- Socially responsible investors don't sacrifice financial returns. Although SRI investors want to invest ethically and support positive social causes, they are still profit-seeking. Generating positive (and hopefully high!) returns is still a big part of any responsible investment strategy.
- Socially responsible investing benefits everyone. SRI incentivises companies to build better ESG frameworks and can even force the overhaul of entire industries – all while still generating positive returns for shareholders. This means that in SRI, everyone wins!
What do socially responsible investors look for?
As mentioned, socially responsible investors will look for companies with solid ESG frameworks that advance specific positive social causes. They may still be large, mainstream or even blue-chip companies, but they actively engage in social, environmental, or other positive initiatives.
This often means finding companies that go above and beyond industry norms or government-imposed targets. And, as we've already discussed, it may mean excluding certain market sectors entirely based on their products or business activities.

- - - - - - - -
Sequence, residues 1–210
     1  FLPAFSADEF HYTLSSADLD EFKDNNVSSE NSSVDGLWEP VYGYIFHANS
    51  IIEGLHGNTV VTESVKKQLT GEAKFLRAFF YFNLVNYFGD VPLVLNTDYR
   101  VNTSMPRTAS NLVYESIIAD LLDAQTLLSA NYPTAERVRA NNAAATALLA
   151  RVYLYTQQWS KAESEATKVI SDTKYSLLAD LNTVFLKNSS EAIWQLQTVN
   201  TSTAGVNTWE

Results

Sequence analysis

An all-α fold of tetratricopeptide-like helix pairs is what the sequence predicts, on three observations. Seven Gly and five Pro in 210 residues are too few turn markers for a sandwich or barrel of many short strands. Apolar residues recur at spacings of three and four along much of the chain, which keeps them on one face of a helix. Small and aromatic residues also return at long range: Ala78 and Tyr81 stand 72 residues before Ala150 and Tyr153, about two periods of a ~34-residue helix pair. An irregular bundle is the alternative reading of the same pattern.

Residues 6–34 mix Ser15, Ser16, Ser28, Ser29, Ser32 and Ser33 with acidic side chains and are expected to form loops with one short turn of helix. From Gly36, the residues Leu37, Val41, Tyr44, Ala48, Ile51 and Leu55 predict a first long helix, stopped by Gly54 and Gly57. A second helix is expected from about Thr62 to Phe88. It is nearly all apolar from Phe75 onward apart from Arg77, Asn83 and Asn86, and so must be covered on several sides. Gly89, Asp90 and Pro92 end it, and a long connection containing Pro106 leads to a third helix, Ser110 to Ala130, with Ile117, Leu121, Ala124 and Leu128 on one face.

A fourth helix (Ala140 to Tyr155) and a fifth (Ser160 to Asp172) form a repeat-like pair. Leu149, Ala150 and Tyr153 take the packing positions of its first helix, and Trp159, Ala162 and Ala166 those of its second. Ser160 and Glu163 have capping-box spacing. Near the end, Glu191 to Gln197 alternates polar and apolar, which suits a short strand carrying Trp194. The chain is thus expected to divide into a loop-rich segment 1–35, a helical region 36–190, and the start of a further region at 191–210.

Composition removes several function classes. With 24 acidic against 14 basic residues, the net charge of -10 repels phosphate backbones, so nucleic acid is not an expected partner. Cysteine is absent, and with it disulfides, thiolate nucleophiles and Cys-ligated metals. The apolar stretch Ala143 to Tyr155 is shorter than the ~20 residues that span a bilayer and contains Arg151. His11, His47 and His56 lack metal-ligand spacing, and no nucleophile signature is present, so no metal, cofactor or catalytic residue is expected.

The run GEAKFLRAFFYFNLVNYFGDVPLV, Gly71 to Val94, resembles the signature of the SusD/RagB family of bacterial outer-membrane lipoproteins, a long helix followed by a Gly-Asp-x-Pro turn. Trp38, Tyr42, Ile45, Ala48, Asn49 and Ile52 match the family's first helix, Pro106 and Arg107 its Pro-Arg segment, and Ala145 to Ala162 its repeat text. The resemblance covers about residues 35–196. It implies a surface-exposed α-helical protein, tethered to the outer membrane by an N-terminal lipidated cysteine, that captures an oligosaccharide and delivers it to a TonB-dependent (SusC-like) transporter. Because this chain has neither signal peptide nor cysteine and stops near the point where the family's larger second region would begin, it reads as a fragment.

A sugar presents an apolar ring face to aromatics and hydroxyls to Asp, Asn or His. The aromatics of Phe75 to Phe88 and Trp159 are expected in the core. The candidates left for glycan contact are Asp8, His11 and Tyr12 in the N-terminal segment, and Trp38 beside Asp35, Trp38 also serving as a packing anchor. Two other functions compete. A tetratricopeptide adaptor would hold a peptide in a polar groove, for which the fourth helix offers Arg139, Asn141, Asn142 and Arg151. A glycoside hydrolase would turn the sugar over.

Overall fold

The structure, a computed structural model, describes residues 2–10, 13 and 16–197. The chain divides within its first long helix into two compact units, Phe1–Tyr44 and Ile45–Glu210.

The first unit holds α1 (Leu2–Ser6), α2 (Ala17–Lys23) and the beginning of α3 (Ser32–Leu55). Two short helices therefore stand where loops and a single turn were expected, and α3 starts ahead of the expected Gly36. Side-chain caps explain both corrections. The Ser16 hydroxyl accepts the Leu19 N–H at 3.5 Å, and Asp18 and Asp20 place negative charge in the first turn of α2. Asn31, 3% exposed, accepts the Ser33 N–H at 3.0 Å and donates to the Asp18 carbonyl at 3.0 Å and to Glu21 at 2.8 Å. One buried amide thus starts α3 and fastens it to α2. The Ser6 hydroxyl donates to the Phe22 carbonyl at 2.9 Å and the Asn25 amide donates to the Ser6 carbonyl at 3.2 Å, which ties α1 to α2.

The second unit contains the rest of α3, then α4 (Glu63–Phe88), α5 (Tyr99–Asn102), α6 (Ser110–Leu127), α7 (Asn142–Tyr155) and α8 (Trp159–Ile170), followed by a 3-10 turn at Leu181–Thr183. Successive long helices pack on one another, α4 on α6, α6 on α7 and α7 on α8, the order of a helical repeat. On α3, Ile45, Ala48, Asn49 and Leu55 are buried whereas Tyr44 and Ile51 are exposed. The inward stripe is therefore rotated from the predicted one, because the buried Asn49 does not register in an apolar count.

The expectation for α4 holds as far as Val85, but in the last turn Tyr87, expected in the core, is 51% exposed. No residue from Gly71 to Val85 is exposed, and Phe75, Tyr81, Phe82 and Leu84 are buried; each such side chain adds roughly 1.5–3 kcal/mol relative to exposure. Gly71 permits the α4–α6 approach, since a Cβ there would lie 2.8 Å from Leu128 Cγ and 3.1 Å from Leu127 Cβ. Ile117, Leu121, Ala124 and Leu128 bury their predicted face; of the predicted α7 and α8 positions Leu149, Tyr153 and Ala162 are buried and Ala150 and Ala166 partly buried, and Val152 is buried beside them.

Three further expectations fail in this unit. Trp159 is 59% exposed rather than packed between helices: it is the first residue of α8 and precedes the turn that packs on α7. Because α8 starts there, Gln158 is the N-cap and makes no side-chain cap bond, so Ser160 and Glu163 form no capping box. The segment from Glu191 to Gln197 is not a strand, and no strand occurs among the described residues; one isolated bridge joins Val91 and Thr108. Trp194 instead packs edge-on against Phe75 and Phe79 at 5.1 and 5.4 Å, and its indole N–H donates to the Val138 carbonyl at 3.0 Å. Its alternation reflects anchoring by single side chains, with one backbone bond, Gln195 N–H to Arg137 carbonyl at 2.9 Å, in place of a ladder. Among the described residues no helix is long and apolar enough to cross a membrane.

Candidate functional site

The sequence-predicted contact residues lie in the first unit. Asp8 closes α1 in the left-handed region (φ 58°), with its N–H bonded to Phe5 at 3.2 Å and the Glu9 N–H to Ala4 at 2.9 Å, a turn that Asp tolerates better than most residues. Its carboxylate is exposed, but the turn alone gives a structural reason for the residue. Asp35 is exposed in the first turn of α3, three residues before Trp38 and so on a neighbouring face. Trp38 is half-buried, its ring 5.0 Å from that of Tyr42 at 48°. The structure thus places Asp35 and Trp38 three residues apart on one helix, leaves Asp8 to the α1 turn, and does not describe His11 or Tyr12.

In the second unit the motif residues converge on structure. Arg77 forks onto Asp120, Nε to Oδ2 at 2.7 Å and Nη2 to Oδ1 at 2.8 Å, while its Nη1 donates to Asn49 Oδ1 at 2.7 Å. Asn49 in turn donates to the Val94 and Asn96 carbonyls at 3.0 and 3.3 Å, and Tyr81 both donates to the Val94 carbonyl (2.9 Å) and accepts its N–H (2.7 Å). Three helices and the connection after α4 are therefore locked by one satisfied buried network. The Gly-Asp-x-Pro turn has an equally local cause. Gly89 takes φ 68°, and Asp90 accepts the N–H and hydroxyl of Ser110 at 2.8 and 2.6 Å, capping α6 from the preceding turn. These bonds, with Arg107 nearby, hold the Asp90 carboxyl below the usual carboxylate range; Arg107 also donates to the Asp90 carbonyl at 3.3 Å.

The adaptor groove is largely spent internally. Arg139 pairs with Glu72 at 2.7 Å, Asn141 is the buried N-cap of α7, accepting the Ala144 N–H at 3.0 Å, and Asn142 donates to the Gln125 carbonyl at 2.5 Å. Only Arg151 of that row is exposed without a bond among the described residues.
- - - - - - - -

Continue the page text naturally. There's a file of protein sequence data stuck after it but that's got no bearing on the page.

The healthcare sector is an excellent place to start looking for socially responsible investments. Many companies in this industry positively impact society just by virtue of the beneficial products they create.
Companies like CSL Limited (ASX: CSL) benefit society by producing much-needed vaccines and other therapeutics. CSL has a robust ESG framework and is committed to reducing its carbon emissions and distributing its profits to employees and shareholders. It also employs a diverse workforce.